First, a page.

“I just don’t like to fail.” That’s what I said to my dear friend, tears brimming the backs of my eyes, sighs building deep down under a rock called Pride. “Well,” he said. “I should think not.” That wasn’t what I was expecting, but I realized it was true: who wakes up in the morning and says, “Hey, oatmeal, try your best to explode in the microwave, OK? Nothing like starting the day off with failure!” Not me. No, not me at all.
Last week, as I mentioned one or two or 100 times, was Deadline Week. Shake-in-your-boots week. I-need-pizza week. (I got pizza.) It was one of those weeks. First, a source dropped out of a story on Thursday. “This is OK,” I said every now and then to remind myself. “It will be OK.” Because there it was, shaking at me in the distance: Failure. “Don’t worry,” I told my boss one midnight as I tried to figure out ways to make the story work. “I promise I’ll do my best.” When I found a source, when the story came together, I got that electric feeling that jazzes inside of you when it works. “I did it right,” I thought. I went to a coffee shop to write, I sipped on a cappuccino as the words skipped my brain, my fingertips seeming to know the right keys, the ones that would shape the whole thing. For three hours, I typed and edited and emailed, and I came up with 1, 117 words that seemed to me to tell the story. I sat back and looked at what I’d done. I showed it to a friend. “Look,” the words did and didn’t say. “Success.”
But then. But then. Another story; another source who didn’t really want to come through. Another email that wouldn’t come. Another voice mail, another sense of despair. I really have no idea why it seemed so hard to pull together. I treated this deadline like all of the others, following the steps that have grown to be so comfortable. And here I was, closer to failure than ever. It was unsettling to say the least.
It rained on Saturday. I waited. I did some laundry. I waited. I checked my email (nothing.) I sent another one. “I just wanted to let you know I’m looking forward to hearing from you . . .” I went to the grocery store. I called again. I waited some more. And the feeling grew. With each passing hour, I began to see that turning nothing in–for the first time–was a real possibility. I wracked my brain: Where had I gone wrong? Should I have called sooner? Should I have answered my email that Saturday three weeks ago when I decided to let it go until Monday? Should I not have eaten the pizza? I said all of this to my friend: “I’m afraid. Afraid of failing.”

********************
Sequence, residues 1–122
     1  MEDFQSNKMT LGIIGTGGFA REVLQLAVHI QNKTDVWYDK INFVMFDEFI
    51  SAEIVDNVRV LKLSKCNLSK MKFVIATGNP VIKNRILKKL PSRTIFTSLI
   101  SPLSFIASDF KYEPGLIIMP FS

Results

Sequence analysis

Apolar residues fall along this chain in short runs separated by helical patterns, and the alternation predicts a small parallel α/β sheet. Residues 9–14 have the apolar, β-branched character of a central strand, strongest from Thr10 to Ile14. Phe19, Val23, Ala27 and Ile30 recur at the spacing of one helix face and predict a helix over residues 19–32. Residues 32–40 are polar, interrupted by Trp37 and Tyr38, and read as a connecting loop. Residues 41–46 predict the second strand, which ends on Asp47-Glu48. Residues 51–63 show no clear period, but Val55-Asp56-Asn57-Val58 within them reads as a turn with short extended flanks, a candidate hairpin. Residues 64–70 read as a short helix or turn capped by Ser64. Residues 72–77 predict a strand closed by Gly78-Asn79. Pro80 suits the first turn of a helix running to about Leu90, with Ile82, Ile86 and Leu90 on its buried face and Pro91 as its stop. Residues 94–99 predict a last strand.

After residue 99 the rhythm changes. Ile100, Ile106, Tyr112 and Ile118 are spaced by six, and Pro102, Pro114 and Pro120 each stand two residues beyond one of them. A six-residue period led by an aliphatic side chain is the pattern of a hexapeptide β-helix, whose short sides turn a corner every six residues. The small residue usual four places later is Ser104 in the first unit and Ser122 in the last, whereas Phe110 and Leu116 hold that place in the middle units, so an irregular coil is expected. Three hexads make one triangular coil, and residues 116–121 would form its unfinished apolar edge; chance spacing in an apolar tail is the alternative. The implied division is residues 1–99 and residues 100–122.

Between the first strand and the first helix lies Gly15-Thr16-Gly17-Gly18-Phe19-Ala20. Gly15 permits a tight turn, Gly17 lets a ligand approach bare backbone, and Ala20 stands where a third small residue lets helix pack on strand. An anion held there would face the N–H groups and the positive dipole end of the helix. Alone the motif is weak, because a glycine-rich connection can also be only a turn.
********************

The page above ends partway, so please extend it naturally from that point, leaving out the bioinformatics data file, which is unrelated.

“Look,” he said, “Maybe it will happen, and maybe it won’t. Maybe you’ll turn something in, and maybe you won’t. But regardless, you’ll still be just as wonderful either way.” And I realized that what I do matters not one bit; how I do it shapes who I am. And who I am is shaped by the claim on my life. We hear this all the time: “Do your best and forget the rest!” In fact, I’ve said that to many a friend staring failure in the face. But this, this was supposed to be my thing. It’s OK with me if I’m bad at Frisbee. It’s OK with me if I can master only grilled cheeses for the rest of my life. It’s OK with me if stick figures are all I ever draw (they get the point across, no?) But this was what I was supposed to be good at. And I was failing, because without a source, there is no story. And with no story, there’s nothing to read. A blank page, with my name on it. Still, his words rang true. His words slowly trickled into my soul. I began to hear my Father speak.
“Each time he said, ‘My grace is all you need. My power works best in weakness.’ So now I am glad to boast about my weaknesses, so that the power of Christ can work through me.” —2 Corinthians 12:9
Oh, I don’t think God intentionally withheld that source’s interview. I certainly know He doesn’t take pleasure from seeing His children fail, from watching us hang our heads. But I do think He was ready with His own words as I waited, speechless: “It’s not about what you do. It’s never about what you do. Go ahead and fail. You will still be wonderful to Me.” Please hear this, reader: Go ahead and fail. You will still be wonderful. And why? Well, this of course:
“What marvelous love the Father has extended to us! Just look at it—we’re called children of God! That’s who we really are.” —1 John 3:1
Saturday night, it all rained down on me, this realization that my world wasn’t rocked under a meteor called Failure; regardless of what happened, I was able to wake up each morning, rejoice in the day, and sing. When I climbed into bed at 11:43, I narrated this to Jesus. “Thank you,” I said. “Thank you for your Words. And thank you, always, for mine.”
When I checked my email the next morning, I saw it. “I’m sorry it’s taken me so long,” the email said. And I saw the time stamp: 11:59 p.m..
“Beloved,” God said again, “Please don’t ever forget you are Mine. And regardless of what happens, you are wonderful.”
When I turned the story in, I was surprised at the lack of sweetness, but then, I’d already been shown the success. And each time I think about how little my accomplishments matter, each time I reconsider the idea that I am wonderful—well, I feel this electric feeling all through me, and it feels more like joy than success ever does.
Special thanks to the friend(s) who helped me along on this journey. You’re God-sent.